Does the New Urban Agenda boost efforts at achieving healthy cities?
The Habitat III strategy is being adopted as global recognition is picking up that health should be at the heart of city development strategies.
QUITO, Ecuador — Here is the paradox: Cities are driving economic growth in many countries, but rapid and unplanned growth also has triggered air pollution, contaminated water and created mounds of waste, not all of which is processed. The result has been a steep rise in respiratory, cardiovascular and vector-borne diseases, and growing numbers of sickly city dwellers.
One telling statistic comes from a recent World Health Organization analysis of data from 3,000 cities across the world. Of those, air quality in more than 80 percent did not meet WHO standards, on a yearly average.
The most important asset of any city is the health of its citizens. Sickly people do not make productive workers nor resilient and vibrant communities; ill health saps mobility, wears down family budgets and hampers social interaction. It also further marginalizes vulnerable populations. To health advocates, it is all too obvious that health is a prerequisite for sustainable human and economic development, and should be at the heart of city development strategies. The reality, however, is a lot more complex.
It has taken years of passionate advocacy backed up by scientific evidence to convince urban planners and municipalities that this is the case. And even now, a lot more persuading is needed.
Undermining quality of life
Advocates are making this case prominently at this week’s Habitat III summit on urbanization, where national governments will adopt a 20-year global strategy on sustainable cities. That document, known as the New Urban Agenda, is seen as a key opportunity to reorient the international policy discussion on urban health.
“A huge chunk of the disease burden in cities is due to the urban environment. The World Health Organization played a proactive role in the Habitat III preparatory process, trying to mainstream health in the New Urban Agenda,” said Anumita Roychowdhury, head of the air pollution and clean transportation programme at the Centre for Science and Environment in India, a country that is home to some of the world’s most polluted cities.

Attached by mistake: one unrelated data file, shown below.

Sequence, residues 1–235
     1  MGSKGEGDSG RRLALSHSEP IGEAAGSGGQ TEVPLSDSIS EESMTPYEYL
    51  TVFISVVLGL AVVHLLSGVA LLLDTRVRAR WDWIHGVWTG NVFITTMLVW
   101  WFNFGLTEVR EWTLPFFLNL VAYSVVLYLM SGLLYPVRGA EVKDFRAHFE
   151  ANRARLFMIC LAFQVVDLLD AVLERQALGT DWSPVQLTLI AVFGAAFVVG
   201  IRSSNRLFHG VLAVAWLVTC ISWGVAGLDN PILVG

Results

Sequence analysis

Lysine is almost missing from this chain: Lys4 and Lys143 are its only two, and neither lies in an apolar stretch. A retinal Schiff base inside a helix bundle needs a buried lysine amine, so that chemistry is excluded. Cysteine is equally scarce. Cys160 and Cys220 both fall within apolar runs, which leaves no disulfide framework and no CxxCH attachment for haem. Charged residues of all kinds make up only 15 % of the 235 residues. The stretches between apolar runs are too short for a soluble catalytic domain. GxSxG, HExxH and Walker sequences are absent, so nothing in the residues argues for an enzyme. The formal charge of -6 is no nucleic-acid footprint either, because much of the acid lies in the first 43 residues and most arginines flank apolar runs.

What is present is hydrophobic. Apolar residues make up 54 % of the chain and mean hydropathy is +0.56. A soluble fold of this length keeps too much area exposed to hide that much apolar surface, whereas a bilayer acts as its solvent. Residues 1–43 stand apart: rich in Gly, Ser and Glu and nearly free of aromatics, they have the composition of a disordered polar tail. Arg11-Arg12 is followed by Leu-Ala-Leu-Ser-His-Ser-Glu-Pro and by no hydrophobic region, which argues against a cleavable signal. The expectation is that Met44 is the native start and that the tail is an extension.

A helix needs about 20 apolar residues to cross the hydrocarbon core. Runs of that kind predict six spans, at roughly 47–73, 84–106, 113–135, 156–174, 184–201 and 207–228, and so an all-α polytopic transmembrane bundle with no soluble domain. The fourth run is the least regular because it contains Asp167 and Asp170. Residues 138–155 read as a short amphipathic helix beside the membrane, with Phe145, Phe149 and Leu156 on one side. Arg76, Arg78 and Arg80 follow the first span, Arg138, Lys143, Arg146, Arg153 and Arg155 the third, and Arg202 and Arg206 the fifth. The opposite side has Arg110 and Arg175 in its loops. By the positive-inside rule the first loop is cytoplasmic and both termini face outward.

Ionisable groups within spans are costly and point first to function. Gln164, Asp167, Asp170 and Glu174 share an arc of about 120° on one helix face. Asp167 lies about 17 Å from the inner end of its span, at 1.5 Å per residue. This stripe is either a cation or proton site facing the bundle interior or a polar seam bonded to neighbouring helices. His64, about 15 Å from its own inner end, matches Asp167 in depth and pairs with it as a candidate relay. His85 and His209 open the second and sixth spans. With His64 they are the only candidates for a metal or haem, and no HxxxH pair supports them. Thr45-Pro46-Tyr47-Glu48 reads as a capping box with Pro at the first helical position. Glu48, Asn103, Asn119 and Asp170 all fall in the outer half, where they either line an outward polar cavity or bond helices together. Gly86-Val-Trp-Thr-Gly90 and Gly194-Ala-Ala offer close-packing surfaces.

“As we have seen, air pollution and other types of pollution are undermining the quality of life of city dwellers and concerted efforts by many people have ensured that health has now come into the urban debate,” she said. “In India, the Health Ministry has recommended an health impact assessment of all policies and projects.”
Delhi has been ravaged by dengue and chikungunya, for instance, both of which can be traced to water and sanitation problems in the city. Meanwhile, air pollution is worsening cardiovascular and respiratory diseases in Indian cities, half of which are considered to have “critical” air quality, particularly with regard to particulate matter, Roychowdhury said.
“These are serious health risks. All this means that the non-communicable disease burden is going up,” she continued. “If we don’t reduce our environmental risks through better urban planning and design, we will pay a very steep price.”
She pointed particularly to the need for policymakers to promote cycling and walking, particularly as a way to get people out of cars and cut down on related pollution.
“Habitat III offers a platform,” Roychowdhury said. “The New Urban Agenda offers guidelines, but the real work is in sensitizing governments and implementation strategies.”
On Monday, the World Health Organization, in collaboration the Norwegian government and the Climate and Clean Air Coalition, launched a new global initiative here aimed at reducing short-lived climate pollutants. The Breathe Life campaign invites urban leaders to commit to promoting awareness and taking steps to reduce air pollution to reach WHO air-quality goals. Ten mayors and ministers of health and housing from Latin America and Asia were present on the occasion.
Many of these concerns resonated in a panel discussion on Sunday, just ahead of the formal start of Habitat III. The event drew attention to a new 43-page report from the WHO, “Health as the Pulse of the New Urban Agenda”, which emphasizes that health can act as a powerful “accelerator” and a measure of overall progress on the New Urban Agenda.
“Healthy cities are environmentally sustainable and resilient,” the report states. “Cities with clean air, energy-efficient infrastructure and widely accessible green spaces can attract more investment and businesses, create more jobs and offer more opportunity to people from all walks of life. Healthy cities are socially inclusive.”
“Focusing on health can unlock progress, reduce inequalities in urban areas and expand access to services and opportunities,” it noted.